July’s Housing Report and the Future

By at 19 August, 2021, 9:32 am

by Raymond J. Keating –

Residential housing is a significant part of the U.S. economy, and it’s big on small business. After all, based on the latest Census Bureau data, in the residential building construction sector, for example, 92.3 percent of employer firms have fewer than 10 employees, and 97.4 percent fewer than 20 workers.

So, when the latest housing data hits, it’s overwhelmingly about small businesses.

The July report on new monthly residential construction pointed to a cooling but still fairly strong housing market. The key question is: Are short-term challenges, such as in the supply chain and in terms of labor, causing a temporary pause or decline, or is this not only about these issues but also perhaps saying something about the emerging state of the consumer and overall economy?

Housing starts (at a seasonally adjust annual rate) in July fell by 7 percent, while housing permits (an indicator of future starts) grew by 2.6 percent.

As noted in the following chart, permits – a signal for future housing starts – remain above their pre-pandemic levels. However, they have fallen off notably from the start of this year.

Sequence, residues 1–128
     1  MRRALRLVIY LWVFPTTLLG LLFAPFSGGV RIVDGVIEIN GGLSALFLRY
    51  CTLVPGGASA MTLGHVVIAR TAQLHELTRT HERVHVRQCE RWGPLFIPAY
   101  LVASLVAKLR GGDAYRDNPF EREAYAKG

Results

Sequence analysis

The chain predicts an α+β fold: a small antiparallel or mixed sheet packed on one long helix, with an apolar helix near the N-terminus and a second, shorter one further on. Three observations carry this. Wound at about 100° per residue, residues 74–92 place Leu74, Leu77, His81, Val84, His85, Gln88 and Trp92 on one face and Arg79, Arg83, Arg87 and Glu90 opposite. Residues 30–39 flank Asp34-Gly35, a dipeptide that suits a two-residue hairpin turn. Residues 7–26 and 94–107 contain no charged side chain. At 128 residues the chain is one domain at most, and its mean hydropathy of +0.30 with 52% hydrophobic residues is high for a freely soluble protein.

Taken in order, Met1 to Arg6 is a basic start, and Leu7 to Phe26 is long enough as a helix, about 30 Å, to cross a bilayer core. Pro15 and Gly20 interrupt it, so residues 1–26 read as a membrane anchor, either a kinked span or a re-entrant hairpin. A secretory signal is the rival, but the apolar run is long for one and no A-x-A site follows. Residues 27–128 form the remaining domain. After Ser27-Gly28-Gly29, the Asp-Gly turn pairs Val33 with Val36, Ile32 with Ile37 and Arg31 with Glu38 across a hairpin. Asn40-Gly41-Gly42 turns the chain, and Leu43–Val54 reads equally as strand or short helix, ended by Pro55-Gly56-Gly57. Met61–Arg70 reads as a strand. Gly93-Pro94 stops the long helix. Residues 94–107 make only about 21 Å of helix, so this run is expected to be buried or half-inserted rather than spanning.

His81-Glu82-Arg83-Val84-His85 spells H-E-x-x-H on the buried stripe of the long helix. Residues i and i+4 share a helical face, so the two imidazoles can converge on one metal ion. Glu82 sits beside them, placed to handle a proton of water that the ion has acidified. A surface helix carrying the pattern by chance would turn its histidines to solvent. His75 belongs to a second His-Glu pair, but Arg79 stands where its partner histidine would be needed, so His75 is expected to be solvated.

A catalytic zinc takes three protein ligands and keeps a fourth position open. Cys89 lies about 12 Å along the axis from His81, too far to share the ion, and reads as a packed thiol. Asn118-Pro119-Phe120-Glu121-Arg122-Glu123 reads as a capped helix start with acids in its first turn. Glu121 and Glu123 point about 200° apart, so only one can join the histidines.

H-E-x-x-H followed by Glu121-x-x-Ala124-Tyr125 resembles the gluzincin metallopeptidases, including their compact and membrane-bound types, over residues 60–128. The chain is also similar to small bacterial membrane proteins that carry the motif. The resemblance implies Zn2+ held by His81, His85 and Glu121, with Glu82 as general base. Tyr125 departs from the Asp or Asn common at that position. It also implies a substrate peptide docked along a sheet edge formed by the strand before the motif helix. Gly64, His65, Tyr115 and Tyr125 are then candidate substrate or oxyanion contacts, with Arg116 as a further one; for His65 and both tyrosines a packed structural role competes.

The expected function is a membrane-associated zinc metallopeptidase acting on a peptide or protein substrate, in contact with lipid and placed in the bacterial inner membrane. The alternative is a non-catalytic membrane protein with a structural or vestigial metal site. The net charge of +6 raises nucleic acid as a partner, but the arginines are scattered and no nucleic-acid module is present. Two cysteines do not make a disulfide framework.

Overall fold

Source: Federal Reserve Bank of St. Louis, FRED

Meanwhile, housing starts in July were not only down from their recent March 2021 high, but also moved below the pre-pandemic level in February 2020.

Source: Federal Reserve Bank of St. Louis, FRED

This permit-starts story certainly points to immediate challenges regarding supply chain problems and labor shortages. And that was backed up by the NAHB/Wells Fargo Housing Market Index (HMI) released on August 17 that showed that home builder sentiment fell this month to its lowest level since July 2020 due to “construction costs and supply shortages.”

NAHB chief economist Robert Dietz observed, “While the demographics and interest for home buying remain solid, higher costs and material access issues have resulted in lower levels of home building and even put a hold on some new home sales. While these supply-side limitations are holding back the market, our expectation is that production bottlenecks should ease over the coming months and the market should return to more normal conditions.”

I agree, but external factors, such as the costly tax and regulatory policies being pushed by the Biden administration and Congress, raise questions and uncertainty about where the broader economy, and therefore, housing, might be headed.

Raymond J. Keating is chief economist for the Small Business & Entrepreneurship Council.


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